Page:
Quirky Queenstown

11-14 April 2010

 

R and V drop me off at the bus station in Lawrence and I get the bus to Queenstown and again, the drive is dramatic through glacial mountains and rivers and it takes 4.5 hours to get there. I check into my yoff hostel called ‘Hippo Lodge’ and try not to take offence when the shuttle bus driver refers to me as ‘Miss Hippo’. He’s actually very lucky to have escaped the Mapp wrath. Queenstown has a reputation as a party town and this is confirmed when I am unpacking my stuff in my 4 bed mixed dorm and a young bloke comes in wearing only a small towel (to hide something small, perhaps?) and gets into bed and promptly goes to sleep (it’s 7pm in the evening). He stinks of booze but luckily I am heading out to meet up with B’s friend P who is a lawyer in Queenstown. He very kindly takes me out for a Thai meal and I want a reasonably early night as I have booked myself on a tour of Milford Sound and it leaves fairly early in the morning. I get back to find all 3 of my dorm mates asleep in bed (it’s now about 10pm ish) and I pleased that they have partied themselves out so much that I won’t be woken up at 3am by drunken revellers (god, I sound so old....)

 

 

I am picked up in the morning by Eco Tours and there are about 20 of us and Martin is our driver. Martin’s monologue is considerably more interesting than Dave’s discourse as he worked in the conservation industry for a number of years and has some interesting facts, including teaching us a NZ saying ‘rattle your dags’ which means ‘hurry up’. After a scenic drive along the shores of Lake Wakatipu and past The Remarkables mountain range, we stop in Te Anau to visit the Bird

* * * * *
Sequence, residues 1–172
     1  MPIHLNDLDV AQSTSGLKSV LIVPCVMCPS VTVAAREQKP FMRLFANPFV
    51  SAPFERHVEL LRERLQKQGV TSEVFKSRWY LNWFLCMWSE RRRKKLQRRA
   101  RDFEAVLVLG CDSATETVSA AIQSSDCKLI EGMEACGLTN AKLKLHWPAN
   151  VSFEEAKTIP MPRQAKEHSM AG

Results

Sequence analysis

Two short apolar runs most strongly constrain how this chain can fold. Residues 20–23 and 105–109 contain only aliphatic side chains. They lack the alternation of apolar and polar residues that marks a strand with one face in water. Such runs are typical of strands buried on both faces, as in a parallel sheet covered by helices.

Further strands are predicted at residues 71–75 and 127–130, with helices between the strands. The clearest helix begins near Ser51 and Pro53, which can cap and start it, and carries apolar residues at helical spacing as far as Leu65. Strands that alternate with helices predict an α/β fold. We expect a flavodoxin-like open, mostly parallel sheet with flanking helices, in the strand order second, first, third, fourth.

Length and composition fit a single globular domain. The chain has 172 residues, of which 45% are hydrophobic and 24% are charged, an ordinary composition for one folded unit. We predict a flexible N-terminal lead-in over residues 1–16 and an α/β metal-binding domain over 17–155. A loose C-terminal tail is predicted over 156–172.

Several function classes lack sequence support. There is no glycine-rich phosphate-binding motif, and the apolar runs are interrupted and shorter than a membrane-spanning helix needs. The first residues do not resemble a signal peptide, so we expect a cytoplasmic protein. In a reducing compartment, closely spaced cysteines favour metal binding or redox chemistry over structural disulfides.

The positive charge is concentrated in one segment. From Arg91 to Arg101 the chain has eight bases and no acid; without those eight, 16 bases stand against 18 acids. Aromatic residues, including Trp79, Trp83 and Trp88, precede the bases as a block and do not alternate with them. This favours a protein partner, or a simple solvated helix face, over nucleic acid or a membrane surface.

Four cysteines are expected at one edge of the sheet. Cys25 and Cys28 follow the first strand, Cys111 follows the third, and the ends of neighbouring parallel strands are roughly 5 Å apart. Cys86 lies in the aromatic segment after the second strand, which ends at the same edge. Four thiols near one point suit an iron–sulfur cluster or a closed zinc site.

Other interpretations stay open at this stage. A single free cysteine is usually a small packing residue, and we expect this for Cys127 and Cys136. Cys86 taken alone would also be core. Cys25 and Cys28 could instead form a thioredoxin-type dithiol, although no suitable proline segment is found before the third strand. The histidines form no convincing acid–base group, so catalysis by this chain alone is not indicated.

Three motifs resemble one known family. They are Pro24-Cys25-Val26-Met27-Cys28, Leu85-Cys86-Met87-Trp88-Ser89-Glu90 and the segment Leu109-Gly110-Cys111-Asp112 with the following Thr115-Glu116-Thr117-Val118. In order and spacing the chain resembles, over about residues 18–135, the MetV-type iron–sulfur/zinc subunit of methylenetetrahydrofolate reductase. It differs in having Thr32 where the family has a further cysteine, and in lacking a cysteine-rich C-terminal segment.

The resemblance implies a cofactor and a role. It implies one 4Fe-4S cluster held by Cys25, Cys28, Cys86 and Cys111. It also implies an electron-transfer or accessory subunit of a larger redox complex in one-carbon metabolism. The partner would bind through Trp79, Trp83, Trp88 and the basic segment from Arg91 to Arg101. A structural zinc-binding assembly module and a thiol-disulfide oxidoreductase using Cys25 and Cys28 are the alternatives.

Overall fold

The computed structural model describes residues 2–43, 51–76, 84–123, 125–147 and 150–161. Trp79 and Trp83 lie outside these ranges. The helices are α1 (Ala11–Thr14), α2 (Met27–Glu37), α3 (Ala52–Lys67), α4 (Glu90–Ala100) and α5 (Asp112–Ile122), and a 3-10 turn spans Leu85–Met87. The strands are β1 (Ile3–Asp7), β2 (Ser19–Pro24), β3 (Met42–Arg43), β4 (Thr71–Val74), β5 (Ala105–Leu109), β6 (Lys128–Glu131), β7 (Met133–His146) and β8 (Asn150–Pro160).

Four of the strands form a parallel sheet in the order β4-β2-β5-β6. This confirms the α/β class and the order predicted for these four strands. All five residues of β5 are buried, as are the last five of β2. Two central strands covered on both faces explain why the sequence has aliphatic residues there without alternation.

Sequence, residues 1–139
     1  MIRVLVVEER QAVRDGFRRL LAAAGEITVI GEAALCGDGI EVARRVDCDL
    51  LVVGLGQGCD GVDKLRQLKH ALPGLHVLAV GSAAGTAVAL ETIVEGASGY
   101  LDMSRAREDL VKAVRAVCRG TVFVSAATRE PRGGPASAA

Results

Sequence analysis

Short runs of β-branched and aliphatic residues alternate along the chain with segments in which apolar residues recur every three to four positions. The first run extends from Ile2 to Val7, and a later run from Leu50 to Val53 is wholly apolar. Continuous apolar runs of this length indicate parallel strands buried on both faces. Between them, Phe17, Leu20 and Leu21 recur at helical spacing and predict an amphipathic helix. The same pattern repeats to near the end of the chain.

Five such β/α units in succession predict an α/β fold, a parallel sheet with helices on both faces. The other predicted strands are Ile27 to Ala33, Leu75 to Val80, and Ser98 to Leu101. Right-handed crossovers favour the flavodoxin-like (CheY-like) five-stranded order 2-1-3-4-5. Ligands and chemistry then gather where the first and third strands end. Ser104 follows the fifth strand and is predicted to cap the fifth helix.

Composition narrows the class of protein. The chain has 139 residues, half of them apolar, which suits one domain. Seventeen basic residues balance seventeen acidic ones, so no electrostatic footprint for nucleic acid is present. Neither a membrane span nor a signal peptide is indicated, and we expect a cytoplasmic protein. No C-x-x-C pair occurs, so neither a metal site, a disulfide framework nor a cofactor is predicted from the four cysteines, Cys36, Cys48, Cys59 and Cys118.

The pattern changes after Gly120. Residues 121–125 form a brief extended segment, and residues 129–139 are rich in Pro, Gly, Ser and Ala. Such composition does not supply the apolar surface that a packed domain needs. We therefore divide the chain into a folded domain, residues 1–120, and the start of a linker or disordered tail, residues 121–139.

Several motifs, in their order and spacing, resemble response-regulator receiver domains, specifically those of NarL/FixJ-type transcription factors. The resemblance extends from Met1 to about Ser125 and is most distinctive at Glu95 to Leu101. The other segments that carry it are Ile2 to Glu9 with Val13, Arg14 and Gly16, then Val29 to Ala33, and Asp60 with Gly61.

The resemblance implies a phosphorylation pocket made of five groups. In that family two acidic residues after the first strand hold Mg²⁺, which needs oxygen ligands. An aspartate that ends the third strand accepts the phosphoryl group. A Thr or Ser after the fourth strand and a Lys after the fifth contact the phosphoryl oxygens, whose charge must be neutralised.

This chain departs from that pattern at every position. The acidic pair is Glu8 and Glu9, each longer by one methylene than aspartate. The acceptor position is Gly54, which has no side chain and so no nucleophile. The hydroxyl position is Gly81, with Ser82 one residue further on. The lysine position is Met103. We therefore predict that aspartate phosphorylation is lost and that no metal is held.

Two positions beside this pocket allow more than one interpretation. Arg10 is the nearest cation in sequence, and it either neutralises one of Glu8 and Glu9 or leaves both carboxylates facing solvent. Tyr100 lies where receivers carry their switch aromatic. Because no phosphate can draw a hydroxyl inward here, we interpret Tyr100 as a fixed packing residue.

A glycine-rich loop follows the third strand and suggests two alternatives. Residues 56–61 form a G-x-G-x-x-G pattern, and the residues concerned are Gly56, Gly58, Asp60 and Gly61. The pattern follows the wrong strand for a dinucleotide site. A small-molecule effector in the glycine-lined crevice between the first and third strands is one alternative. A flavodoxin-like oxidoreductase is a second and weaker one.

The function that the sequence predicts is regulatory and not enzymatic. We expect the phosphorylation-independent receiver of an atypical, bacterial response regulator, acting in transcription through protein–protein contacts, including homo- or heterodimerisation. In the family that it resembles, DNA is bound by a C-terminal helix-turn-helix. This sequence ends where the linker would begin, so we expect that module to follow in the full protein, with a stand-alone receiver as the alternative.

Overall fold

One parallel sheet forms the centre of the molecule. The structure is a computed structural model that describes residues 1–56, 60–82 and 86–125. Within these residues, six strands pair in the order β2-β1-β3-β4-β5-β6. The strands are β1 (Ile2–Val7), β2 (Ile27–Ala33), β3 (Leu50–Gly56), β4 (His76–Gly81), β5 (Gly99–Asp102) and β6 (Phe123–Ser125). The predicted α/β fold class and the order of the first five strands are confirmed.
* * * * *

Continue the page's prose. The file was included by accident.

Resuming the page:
Wildlife Park and see some rare NZ birds whose names escape me. It has started to drizzle slightly but since this is one of the wettest places on earth, it is pretty difficult to avoid the rain. In fact, it is so wet that it receives 6526mm of annual rain fall which equates to about 180 rain days.

 

Milford Sound is not a sound at all but a fiord and it is 16 kms in length and it is the northern-most of 14 fiords that make up the spectacular coastline of the 1,200,000ha Fiordland National Park, part of Te Wahipounamu World Heritage Area. And it is spectacular (I am starting to run out of adjectives for the scenery in NZ). It rises out of the Cleddau Valley and reveals a large number of waterfalls trickling down the glacial rock like icing on a black cake.

 

Milford was discovered by John Grono, a Welshman, who named it after his birthplace, Milford Haven and Captain Cook had missed it on two occasions (one nil to the Welshies). We do the cruise amongst the fiords and although the visability isn’t great, one can still get a good impression of how high the peaks are and the waterfalls are in full flow (one good thing about it raining is when the sun does come out, they can dry up in a matter of hours and you don’t get to see them) It’s a long day and we get back to Queenstown about 9.30pm and my 3 roomies have been replaced by 2 quiet Korean girls.

 

It’s Tuesday and it must be raining. I try to get a bus to Franz Joseph but they have all left so I foolishly get my hair cut with what I think may be a stylish fringe a la Kate Moss but I end up looking like Stirling Moss, so I hide in a cafe and catch up on admin. Tomorrow I am off to Franz Joseph (once I’ve purchased a large hat or a wig)

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